The promise of the digital era lays in its growing ability to shed old limitations and obstacles. However, there are many problems which must be addressed as our societies enter this new epic period. I have recently finished reading William Easterly’s excellent book “The White Man’s Burden.” In it he argues that foreign aid must take on a more decentralized form in order to allow for verifiable results. At this point you may be asking yourself: how does this all tie in with e-books? I believe that e-books are a rare combination of traditional media with its depth and substance as well as the embodiment of digital information with its inherent speed and superb accessibility.
Seems easy enough to grasp this concept doesn’t it? But the oligapolistic powers that dictate e-book prices seem to disagree strongly with this logic. In a heartless move which seems to only further stoke my anger against publishing giant Penguin, it has decided to price this e-book in a way which guarantees that it will see limited electronic distribution. If one wanted to read this book at Amazon it would cost $13.99, at Barnes and Noble $13.99, at Kobo $19.99. E-books are supposed to lower the opportunity costs for buying books, not raise them or maintain them artificially high. Fortunately, I read a paperback version of his book that I borrowed from my local library.
I am glad that I did. The ideas, histories and field stories that he brings forward are eye-opening and gut wrenching. I became quickly disillusioned as I read accounts of mothers tending to their children in Sub-Saharan Africa as they died of measles. A type of needless death which was even more heartbreaking to read about once he explained that it would result in the oral and nasal expulsion of intestinal worms. The power of his research is clearly there and should be read by as many people as possible. This is where lower prices are a boon, in their power to increase the potential for purchase, which in turn increases the likelihood of readers being spurred to action.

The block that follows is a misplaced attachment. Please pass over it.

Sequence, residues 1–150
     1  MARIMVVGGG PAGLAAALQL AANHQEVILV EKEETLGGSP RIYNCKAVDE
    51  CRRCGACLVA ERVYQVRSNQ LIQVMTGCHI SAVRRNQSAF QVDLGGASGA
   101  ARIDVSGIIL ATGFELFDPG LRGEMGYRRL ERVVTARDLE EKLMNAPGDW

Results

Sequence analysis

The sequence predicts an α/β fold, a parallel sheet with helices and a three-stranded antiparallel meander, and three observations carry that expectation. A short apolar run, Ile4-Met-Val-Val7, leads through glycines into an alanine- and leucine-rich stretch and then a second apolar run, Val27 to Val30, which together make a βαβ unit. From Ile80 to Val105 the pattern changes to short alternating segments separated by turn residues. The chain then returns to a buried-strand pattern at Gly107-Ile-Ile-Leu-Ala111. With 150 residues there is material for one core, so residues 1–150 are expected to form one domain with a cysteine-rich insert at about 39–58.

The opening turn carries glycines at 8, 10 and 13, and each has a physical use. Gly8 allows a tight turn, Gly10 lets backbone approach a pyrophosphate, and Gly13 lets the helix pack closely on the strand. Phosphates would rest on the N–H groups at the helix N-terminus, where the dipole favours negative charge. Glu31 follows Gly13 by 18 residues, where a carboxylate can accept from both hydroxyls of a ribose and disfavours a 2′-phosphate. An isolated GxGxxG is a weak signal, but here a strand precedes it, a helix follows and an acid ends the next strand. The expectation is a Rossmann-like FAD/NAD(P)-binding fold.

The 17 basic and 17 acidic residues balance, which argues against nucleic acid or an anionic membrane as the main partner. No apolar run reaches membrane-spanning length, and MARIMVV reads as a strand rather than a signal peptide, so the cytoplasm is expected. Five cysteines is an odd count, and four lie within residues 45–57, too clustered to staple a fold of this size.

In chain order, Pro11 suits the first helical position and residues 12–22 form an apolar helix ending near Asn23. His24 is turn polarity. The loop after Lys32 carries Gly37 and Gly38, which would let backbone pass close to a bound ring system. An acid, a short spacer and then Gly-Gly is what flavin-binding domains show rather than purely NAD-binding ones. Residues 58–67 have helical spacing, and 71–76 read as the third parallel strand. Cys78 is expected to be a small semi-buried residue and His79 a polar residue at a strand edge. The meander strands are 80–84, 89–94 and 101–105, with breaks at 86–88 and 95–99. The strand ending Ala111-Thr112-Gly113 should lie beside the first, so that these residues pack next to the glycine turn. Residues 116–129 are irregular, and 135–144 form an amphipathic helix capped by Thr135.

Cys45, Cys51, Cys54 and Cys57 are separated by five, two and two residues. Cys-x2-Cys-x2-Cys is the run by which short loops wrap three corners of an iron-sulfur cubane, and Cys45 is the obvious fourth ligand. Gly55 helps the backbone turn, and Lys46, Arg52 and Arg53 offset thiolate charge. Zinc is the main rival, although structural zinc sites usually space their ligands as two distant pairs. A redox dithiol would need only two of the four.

I quickly looked up a charity which he mentioned that combines the Internet’s informational capabilities and marries it with developed nations’ citizens’ ability to donate funds. This charity –which I strongly advise interested readers to look up- is called “globalgiving.org.” On their site you will find real world projects which you can directly fund, ensuring that the people whose dire needs most appeal to you are addressed. It is a simple idea which could gain even more attention if one of its most vocal advocate’s words actually reached readers. I have always opposed needlessly high prices for digital content on simple consumer grounds but must now extend my objections to include its ability to stop the dissemination of vital information. There must be a balance between honest profit making and obstructionism. I for one believe that there are certain works –such as Mr. Easterly’s- which must be read by wider audiences. Any pricing strategy which disregards consumers clearly stated pricing proclivities is an obstructionist one. I hate to repeat the mistakes of the past with the powerful tools at our disposal now and in the future. We have a powerful opportunity to bridge immense gaps with new tools which must not be so easily squandered. Unfortunately, Penguin’s pricing strategy indicates that they are clearly set on ensuring that this will remain the way things are done, for many years to come.